Authors Contemplate the Power of Prose

As the South Asian subcontinent changes at extraordinary speed, there’s no shortage of interest among writers inspired by the region’s fragile borders, captivating landscapes, and endless complexities. To formally recognize that interest and centre on the human story in an area too often associated with images of conflict and strife, the DSC South Asian Literature Festival – the first of it’s kind in the UK – begins today. Featuring writers, artists, performers and musicians highlighting “the unique storytelling heritage” from the subcontinent, the festival features over 40 authors focusing on Pakistan, India, Sri Lanka, Bangladesh and Nepal. Over the course of two weeks, different themed events will outline the diverse range of issues and perspectives that continue to shape outlook on this dynamic region today.

On Friday, RichMix hosts the event “Power of the Pen: A Resolution for Kashmir?” Journalist Justine Hardy sits on a panel alongside Lord Meghnad Desai and Victoria Schofield to contemplate the power of prose in finding meaning behind the conflict. Hardy’s own writing has been long inspired by the majestic, yet tragic setting of the Valley – using it as a backdrop in much of her published work. She shares with us some of her insights from years of living and working in South Asia in this interview:
This is Worldtown (TIWT): What was your first experience in Kashmir?

Justine Hardy (JH): I first went when I was very young, travelling with my mother. Those childhood impressions burnt into my psyche and brought me back as a young journalist, in the early days of the current on-going conflict.

TIWT: You’ve been writing about Kashmir for years. Can you describe the setting and theme of your book In the Valley of the Mist?

JH: Well, it’s probably important to point out that it’s not a novel, but the story of the past twenty years, written from the point of view of families that I have known in Kashmir since 1989. It maps how one family in particular, my friends and landlords in Kashmir, have lived through the arc of conflict. The setting is the Valley, with a focus on the lakes, but the threads of the story take the reader right into the most remote rural areas as well, up through the mountains of the Pir Panjal, and into the snow.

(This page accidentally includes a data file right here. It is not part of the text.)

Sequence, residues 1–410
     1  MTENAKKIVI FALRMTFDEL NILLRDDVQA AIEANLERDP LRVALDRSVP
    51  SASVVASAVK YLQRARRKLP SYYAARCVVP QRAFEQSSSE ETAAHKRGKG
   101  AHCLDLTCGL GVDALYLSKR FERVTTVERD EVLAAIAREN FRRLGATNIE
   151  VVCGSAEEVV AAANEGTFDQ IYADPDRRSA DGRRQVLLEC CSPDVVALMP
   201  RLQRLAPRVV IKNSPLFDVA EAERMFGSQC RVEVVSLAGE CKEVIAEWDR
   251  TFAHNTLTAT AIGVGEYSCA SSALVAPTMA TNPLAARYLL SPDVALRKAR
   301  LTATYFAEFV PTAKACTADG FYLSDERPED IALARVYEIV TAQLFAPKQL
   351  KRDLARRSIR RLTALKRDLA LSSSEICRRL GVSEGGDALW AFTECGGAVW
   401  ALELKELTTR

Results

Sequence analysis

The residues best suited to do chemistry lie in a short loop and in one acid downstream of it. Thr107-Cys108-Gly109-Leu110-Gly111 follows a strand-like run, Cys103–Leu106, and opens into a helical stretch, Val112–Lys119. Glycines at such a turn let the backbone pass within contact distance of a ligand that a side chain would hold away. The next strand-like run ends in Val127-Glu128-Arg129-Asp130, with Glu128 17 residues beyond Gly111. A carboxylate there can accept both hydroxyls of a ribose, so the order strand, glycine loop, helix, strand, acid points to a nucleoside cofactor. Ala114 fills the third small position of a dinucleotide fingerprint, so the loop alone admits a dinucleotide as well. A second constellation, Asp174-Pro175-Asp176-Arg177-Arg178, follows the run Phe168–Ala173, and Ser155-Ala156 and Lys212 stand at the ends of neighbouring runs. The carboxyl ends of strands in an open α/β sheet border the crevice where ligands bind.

TIWT: What did you want to portray about the characters that may shed some light to an audience who may know very little about Kashmir?

JH: The way conflict is portrayed, whether we are talking about Baghdad, Basra, Kabul, Srinagar or anywhere else, is through the prism of both the military and political stories. The real core of conflict is played out through the lives of those on the ground, ordinary people trying to live their lives in the face of raids, bombings, curfews, the breakdown of infrastructures and basic amenities, and all else that comes with war and conflict. The stories of these people and families draws the reader into the story of Kashmir, and the story of surviving conflict, day by day.

TIWT: You chose to portray In the Valley of the Mist through the eyes of one family – the Dars. What was it that drew you to the Dars?

JH: About twelve years ago I was looking for a family business in Kashmir that could help me buying pashmina from local weavers. After several years of reporting from Kashmir I had met extraordinary artisans, such as weavers and embroiders. I wanted to buy stock from weavers at healthy prices for them, and sell them in the UK in order to finance a slum education project that I work with. The Dar family were that family. We worked together, and then they became my landlords and friends as well.

TIWT: Most of your work is centred in South Asia. You’ve detailed some of the challenges you’ve come to know as a British writer in the region – “an outsider within”- in your book “scoop-wallah”. What continues to frustrate, and what continues to compel your writing?

JH: Laughing – my belief is that a writer’s task is to bear witness. We have to really know our subject to be able to do that. And so my relationship with South Asia goes on, and on.